Danish Professional Audio has always made fine microphones. Really, always. Over the last few years they have been beefing up their ‘d:’ line up, which now includes the d:vote Miniature Microphones, the d:fine Headset Microphones, and the d:facto II Vocal Microphones. The whole series is quite amazing and each one of these mics manages to deliver clean and honest sound while habingsome other else unique qualities— like being super small, super flexible, and extremely well designed. It’s that DPA touch.
Enter the d:facto II, the second generation d:facto handheld vocal mic. New and improved, although there wasn’t much I could complain about with the original d:facto. This is a serious vocal microphone for stage and studio use and it feels like it when you hold it. It’s substantial—not heavy, but not entirely light either. I noticed it right away, and treated it with care just because it felt so high-end in my hands. This firm body sports the MMC4018V capsule. This unit is a pre-polarized, 19mm diameter, pressure gradient condenser capsule with a super-cardioid polar pattern. Sounds impressive, and it is. (You can use other DPA capsules with the mic, but none are tailored to the d:facto II like the 4018V is.)
The microphone affords the engineer and artist some great benefits. The frequency response is astonishingly flat, having just a soft 3 dB bump around 12k. This means you hear an accurate reproduction of the singer’s voice, good or bad. The super-cardioid pattern means your singer needs to stay fairly on axis, but it also provides extremely good rejection of stage wash and a high level of gain before feedback from your wedges. There is a roughly 8 dB drop off at 90Ëš off axis and in the back of the mic you get an impressive 15-30 dB attenuation from 120Ëš to 240Ëš across all frequencies. With this separation, it’s easier to get the lead vocal out on top of the mix and focus in on the vocal. They’ve also managed to maintain the frequency response fairly well even when the singer gets up on the mic, doing its best to deny a lot of proximity effect. Something I’m cool with, but some artists might miss that low-end punch they get when they lean into it.
I also noticed an impressively low handling noise in the handle. After some reading, I learned that indeed, DPA designed a built-in third order low-cut filter that cuts unwanted rumble from the handle itself, cutting -3db at 80 Hz. The capsule is housed in a well-designed spacious grid that gives the 4018V some breathing room, creating a smoother response. The grid has three layered components: the outer black metal mesh, a foam-wind screen, and an inner cylindrical pop filter. These all do a good job at reducing plosives and breathe sounds without negatively affecting the response. And for cleaning, all three components can be removed and gently hand washed. Finally, this studio-grade vocal mic meant for the live stage can take almost anything you throw at it. It won’t clip out until you nail it with 160 dB, and I don’t want to be around when you do.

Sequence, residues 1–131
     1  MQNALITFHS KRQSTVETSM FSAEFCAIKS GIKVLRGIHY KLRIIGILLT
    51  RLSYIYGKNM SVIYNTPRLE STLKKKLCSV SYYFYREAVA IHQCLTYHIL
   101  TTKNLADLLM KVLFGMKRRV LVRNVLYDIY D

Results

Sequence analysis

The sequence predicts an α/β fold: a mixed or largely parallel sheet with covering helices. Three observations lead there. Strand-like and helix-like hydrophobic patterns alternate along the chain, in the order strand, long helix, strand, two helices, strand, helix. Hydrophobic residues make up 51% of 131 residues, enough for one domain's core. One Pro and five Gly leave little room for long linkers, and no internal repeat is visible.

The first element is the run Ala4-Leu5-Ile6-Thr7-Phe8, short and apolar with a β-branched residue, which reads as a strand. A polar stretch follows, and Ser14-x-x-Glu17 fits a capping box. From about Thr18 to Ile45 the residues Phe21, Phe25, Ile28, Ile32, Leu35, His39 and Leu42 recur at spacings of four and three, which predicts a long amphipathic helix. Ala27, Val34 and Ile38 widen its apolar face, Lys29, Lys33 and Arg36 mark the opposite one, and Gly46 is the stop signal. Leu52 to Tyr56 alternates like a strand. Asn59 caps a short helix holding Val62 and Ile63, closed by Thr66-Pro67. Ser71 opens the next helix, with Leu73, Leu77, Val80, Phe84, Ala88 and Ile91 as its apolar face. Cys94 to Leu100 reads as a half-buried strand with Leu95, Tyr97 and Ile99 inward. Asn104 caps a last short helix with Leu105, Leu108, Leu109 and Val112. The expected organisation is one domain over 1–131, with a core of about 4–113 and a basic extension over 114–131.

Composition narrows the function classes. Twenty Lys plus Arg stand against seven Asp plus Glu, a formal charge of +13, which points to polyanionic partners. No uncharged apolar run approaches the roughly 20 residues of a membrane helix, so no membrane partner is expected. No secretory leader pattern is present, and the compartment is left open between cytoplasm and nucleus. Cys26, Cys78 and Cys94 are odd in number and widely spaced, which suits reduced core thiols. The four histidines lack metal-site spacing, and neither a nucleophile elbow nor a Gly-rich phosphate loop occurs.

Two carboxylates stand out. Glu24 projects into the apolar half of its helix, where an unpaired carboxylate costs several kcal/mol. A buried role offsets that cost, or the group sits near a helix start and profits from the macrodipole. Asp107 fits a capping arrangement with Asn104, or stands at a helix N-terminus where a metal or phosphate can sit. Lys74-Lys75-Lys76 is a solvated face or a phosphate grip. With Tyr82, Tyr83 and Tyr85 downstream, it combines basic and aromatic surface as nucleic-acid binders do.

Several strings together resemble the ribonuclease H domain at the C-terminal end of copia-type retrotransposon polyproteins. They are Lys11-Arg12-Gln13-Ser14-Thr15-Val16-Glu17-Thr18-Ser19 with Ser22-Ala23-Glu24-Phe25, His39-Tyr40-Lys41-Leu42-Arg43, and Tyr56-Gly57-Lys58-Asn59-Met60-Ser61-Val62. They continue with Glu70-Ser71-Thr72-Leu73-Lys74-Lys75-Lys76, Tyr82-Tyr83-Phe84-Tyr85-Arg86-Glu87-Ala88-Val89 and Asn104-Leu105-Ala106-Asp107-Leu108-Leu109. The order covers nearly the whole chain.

And now, what truly makes this microphone awesome? You know DPA wants to take it up a notch, and they did. With the d:facto II, you can buy adaptors that let you mount the DPA d:facto II capsule (grid and 4018V capsule included with mic) onto almost any professional-level wireless handheld body. So you could start out by buying the wired version, which gives you the DPA handle, the 4018V capsule and a grid. You fall in love with this mic and use it on every gig, and then you need a wireless mic. You’re not psyched about using the venue’s Shure UR2 handheld transmitter with their Beta 58 head. No problem says DPA! Just buy our handy (and it is) SL1 adaptor. With this adaptor, you can screw the capsule and grid of your trusted d:facto II mic right onto the Shure UR2 handheld. Everything functions just like the regular Shure UR2, but you’ll be enjoying the sound and performance of your d:facto II while using it. And when you’re done, you can pop the 4801V capsule and grid back onto your wired handle body and presto—you have your wired d:facto II back in your bag, and an SL1 adaptor in the case next to it, ready for the next time. Pretty smart. (What’s not as smart is the overview flow chart DPA created to explain this whole system. What?)
They currently make four varieties of screw-on wireless adaptors that provide compatibility with Shure and Lectrosonics (SL1), Sennheiser (SE2-ew for 2000, 9000 and evolution; SE5 for 5000 series), and Wisycom (W12).
The DPA d:facto II is a great sounding and performing mic that would take any stage performance to a new level. Its sound is honest and smooth and its pattern is tight with incredible rear rejection. When you add the wireless compatibility, it makes it an even more attractive package.